Sorry, this entry is only available in Bulgarian.
The Permaculture College of Europe was officially launched at EUPC12 in Batak, Bulgaria July 2014. It was one specific very practical and immediate outcome of the series of EPT Conferences formulated by Leo Bakx and Steve Hart with considerable support from Martin Giannini, Dr Peter Sherwood-Roberts and Dr. Martina Petru. The challenge now is to build on this outcome to evolve it into a very worthwhile and supportive energy right across Europe. The website has evolved and much brainstorming on policy process and programmes is highly active. We invite all members of the entire European Permaculture community to come on this great journey with us. The energy will be mutual as will the outcomes and opportunities. Please do read through all links of the website and offer your comment. http://permaculturecollege.eu/ It is an evolving tool as nature is teaching us. We will be driving this vehicle for all to be satisfied. Continue reading Permaculture College of Europe
North America’s first convergence may not have had the flash of a Renaissance Festival, but the content of the presentations and conversations eclipsed even the intermittent thunderstorms and driving rain. Brilliant minds, diplomatic discourse, and energy
by Dan Halsey
The 2014 North American Permaculture Convergence was held at Harmony Park in southern Minnesota, USA. Attendees at the convergence were treated to an early and intense thunderstorm and tornado watch, as is the common practice in Minnesota for any outdoor event in summer. Sunny and fresh cool mornings welcomed everybody to the day’s events (and to dry out their tents).
Harmony Park is an Oak Savannah and wetland in the midst of the upper Midwest agricultural landscape. Just off the Interstate highway, attendees had a 90-minute commute from the airport or train station. Many drove from the coasts and from as far south as Texas. Most all states were represented and even broke off into groups at one point to build regional communication. Continue reading NAPC – North American Permaculture Convergence
We are proud to present version 1.0 of our “General Introduction Brochure to the EPT”!
Only 2 weeks after the funding period of the Leonardo Da Vinci-Partnership has ended we proudly present our “EPT intro-brochure“-brochure!
This brochure provides an overview of the project and contains loads of links to the respective content on the permateachers.eu-website. Hopefully it will be a good starting point for many people to find out more about the EPT Partnership!
Several partners are working on translating this brochure to their countries’ languages to make the project more accessible. These will hopefully be available at the beginning of September. Translations that will definitely be available are:
spanish, finnish, dutch, ukranian, german
If you are interested in translating this to your own language, please get in touch so that we can provide you with the source documents and style guides – or just translate and edit it!
Please note that all URL addresses in the document have been embedded and are not explicitly spelled out, except the main URL for the permateachers.eu web site. When making a printed version for your translation you may want to deviate from this policy and include direct links to material that is translated in your own language.
Please feel free to submit comments and / or corrections. We will consider any feedback for publication in the next version of the document – suggested update frequency is every three months, unless there are no comments.
The harvesting of a group at the Leeds meeting led to a mandate to set up a spreadsheet (link to Google document) for experienced teachers to link up with people seeking apprentice opportunities across Europe and beyond.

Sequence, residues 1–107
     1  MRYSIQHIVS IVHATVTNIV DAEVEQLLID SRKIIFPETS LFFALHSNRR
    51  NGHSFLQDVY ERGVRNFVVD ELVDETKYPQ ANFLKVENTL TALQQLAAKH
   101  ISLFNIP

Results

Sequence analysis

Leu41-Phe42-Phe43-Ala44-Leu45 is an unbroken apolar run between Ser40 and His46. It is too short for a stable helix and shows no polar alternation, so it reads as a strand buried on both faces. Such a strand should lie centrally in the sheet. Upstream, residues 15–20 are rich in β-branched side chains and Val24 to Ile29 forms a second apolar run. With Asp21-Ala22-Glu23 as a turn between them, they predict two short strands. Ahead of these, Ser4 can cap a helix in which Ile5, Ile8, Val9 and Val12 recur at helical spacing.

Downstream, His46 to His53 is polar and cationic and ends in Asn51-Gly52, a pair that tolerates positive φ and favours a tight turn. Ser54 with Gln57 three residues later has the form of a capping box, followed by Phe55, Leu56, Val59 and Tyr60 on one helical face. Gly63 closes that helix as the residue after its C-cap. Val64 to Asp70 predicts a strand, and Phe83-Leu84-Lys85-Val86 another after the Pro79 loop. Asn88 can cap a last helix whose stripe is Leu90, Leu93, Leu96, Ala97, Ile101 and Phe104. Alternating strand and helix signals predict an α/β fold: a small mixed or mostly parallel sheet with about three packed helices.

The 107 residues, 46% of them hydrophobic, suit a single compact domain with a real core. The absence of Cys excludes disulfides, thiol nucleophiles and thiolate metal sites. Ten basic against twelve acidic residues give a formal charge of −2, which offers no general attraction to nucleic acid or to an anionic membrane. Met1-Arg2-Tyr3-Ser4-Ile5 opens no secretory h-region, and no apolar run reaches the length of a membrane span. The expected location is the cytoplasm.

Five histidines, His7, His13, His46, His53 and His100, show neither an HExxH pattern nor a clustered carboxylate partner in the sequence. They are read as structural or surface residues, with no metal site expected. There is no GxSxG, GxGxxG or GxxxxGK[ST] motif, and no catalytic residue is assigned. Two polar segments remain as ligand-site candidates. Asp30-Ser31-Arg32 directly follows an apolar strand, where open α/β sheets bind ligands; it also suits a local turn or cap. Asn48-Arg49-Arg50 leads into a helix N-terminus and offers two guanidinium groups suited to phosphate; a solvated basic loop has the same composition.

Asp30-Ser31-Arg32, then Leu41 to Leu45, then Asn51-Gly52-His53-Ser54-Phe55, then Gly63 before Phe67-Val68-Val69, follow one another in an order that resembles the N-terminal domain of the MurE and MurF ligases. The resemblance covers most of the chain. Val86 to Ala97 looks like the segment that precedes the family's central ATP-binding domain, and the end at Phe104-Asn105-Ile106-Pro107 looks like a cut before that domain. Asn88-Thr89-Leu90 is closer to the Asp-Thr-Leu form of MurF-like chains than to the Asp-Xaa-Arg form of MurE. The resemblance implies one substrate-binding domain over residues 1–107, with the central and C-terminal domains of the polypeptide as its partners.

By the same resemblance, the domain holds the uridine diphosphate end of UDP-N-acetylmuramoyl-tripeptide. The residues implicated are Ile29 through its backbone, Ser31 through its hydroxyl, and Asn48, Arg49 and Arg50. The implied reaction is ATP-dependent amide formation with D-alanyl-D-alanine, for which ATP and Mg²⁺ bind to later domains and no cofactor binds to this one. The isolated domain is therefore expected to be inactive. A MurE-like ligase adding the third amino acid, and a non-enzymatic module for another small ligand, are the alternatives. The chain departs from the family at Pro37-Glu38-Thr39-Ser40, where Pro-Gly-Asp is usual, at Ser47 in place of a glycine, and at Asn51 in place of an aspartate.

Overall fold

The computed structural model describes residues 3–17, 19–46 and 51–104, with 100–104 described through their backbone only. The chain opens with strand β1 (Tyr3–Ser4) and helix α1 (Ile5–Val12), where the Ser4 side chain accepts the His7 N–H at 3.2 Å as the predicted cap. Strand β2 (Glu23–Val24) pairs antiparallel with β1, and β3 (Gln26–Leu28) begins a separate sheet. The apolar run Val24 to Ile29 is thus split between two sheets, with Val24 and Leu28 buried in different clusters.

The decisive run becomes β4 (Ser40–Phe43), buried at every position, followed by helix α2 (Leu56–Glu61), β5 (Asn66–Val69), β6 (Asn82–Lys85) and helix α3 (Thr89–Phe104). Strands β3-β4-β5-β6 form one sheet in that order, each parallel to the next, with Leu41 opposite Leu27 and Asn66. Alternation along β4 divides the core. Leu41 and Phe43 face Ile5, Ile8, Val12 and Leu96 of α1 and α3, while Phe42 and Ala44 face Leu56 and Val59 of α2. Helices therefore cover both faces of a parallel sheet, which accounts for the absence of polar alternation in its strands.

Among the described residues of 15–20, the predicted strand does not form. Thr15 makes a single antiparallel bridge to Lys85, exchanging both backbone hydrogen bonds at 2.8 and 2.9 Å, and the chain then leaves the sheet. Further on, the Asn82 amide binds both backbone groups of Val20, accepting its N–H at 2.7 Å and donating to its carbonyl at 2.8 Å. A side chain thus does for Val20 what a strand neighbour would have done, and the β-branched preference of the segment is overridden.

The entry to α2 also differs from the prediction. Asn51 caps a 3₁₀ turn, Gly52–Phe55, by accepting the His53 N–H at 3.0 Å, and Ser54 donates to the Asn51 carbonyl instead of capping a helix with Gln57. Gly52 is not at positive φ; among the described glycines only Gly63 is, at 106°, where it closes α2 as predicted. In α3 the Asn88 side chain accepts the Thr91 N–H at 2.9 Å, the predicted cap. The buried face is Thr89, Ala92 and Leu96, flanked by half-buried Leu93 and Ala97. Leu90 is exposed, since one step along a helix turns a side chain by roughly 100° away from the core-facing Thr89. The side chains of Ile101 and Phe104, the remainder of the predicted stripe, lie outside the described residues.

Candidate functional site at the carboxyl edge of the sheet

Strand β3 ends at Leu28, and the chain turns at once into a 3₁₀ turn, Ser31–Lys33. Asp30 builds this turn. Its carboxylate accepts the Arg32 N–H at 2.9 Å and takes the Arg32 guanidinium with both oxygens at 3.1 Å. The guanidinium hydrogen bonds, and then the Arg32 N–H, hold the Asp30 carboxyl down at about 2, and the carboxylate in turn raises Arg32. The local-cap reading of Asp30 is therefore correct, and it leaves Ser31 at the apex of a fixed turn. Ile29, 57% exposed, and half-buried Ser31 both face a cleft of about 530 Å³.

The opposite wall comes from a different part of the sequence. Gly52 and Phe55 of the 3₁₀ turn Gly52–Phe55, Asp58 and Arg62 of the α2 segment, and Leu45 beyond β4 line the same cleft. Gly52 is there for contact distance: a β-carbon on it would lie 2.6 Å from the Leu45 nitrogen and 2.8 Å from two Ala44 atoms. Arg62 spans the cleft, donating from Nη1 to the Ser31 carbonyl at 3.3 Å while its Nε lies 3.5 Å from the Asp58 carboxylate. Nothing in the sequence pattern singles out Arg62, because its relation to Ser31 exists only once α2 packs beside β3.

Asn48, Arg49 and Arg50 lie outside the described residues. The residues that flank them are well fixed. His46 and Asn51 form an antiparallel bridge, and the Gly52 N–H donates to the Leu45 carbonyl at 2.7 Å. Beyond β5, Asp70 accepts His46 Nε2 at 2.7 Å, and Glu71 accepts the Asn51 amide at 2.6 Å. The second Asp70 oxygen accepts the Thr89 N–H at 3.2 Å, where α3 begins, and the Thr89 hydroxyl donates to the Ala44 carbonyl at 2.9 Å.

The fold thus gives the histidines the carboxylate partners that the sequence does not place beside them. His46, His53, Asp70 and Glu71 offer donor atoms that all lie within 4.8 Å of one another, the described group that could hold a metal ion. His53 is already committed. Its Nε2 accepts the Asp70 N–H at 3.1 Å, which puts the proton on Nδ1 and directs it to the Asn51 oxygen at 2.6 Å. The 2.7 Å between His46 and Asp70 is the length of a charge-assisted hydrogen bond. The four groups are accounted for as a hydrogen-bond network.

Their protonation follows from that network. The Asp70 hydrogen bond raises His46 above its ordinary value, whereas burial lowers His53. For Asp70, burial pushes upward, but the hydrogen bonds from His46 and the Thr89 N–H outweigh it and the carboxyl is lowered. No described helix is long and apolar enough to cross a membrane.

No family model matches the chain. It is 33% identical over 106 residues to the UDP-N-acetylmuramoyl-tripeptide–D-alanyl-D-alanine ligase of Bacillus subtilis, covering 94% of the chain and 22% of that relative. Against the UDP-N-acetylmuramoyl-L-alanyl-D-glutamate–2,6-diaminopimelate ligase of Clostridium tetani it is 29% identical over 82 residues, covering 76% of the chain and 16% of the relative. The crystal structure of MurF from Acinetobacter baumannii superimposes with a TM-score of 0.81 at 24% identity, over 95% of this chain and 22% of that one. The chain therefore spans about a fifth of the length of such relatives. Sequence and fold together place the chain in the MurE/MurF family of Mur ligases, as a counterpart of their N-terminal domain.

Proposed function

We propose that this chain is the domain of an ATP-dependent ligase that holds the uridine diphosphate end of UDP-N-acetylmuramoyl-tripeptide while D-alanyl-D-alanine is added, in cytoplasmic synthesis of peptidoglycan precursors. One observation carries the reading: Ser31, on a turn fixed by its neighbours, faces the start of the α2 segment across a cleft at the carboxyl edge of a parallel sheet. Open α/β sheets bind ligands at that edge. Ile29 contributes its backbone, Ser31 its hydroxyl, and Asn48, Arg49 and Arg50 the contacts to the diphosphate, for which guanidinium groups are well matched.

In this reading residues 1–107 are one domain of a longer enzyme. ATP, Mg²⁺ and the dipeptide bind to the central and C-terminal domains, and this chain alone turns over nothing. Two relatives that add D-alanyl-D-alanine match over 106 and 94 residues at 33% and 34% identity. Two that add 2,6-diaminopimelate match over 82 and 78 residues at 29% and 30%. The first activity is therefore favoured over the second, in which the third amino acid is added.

Every teacher will have different interests and will offer slightly different kinds of support to an apprentice. What they all have in common is a willingness to share their experience and support new teachers in their learning. At the same time every apprentice comes with different skills and competencies. What they all have in common is the passion for improving their permaculture teaching skills.
So if you are a teacher looking for keen apprentices or an apprentice looking for great teachers to learn from, then here you will find their details and contact information.
At the meeting in Leeds UK, June 2014, 40 members of the EPT discussed:
What apprentices might hope for:
What experienced facilitators might hope for:
How to make beneficial connections between each other.
by Steve Hart, July 2014
The idea of The Permaculture College of Europe was born from discussions of objectivity from the first series of EPT Conferences. It was recognised as a value in developing a facility that could function to serve the key future developments of Permaculture Education throughout Europe. This is but one tool in the structural tool box and as an excellent outcome to evolve the tremendous efforts created from the EPT series. Continue reading The Permaculture College of Europe
By Steve Hart, July 2014
At EPT 6 in Denmark there was a strong feeling among many that a “Federation” become the vehicle to support future needs, strategies and developments desired to flow on from the EPT energy.
My personal discussions of such structures has been a response to views commented on over the past four years about the collapse in Permaculture through lowering standards and the values and needs of support and service structures in order to maintain and develop the standards and performances throughout the whole pallet of Permaculture. My essay “Permaculture’s Collapse Dance” introduces this observation.
Organisations in the EPT:
For an overview of the Partners, please scroll down to find the websites and contact persons. Here you can find a poster gallery of presentations of permaculture organisations that were present at the Escherode, Germany meeting. More detailed descriptions of many of these organisations can be found under Educational Structures. If you want to add a description of your own organisation, please follow this link.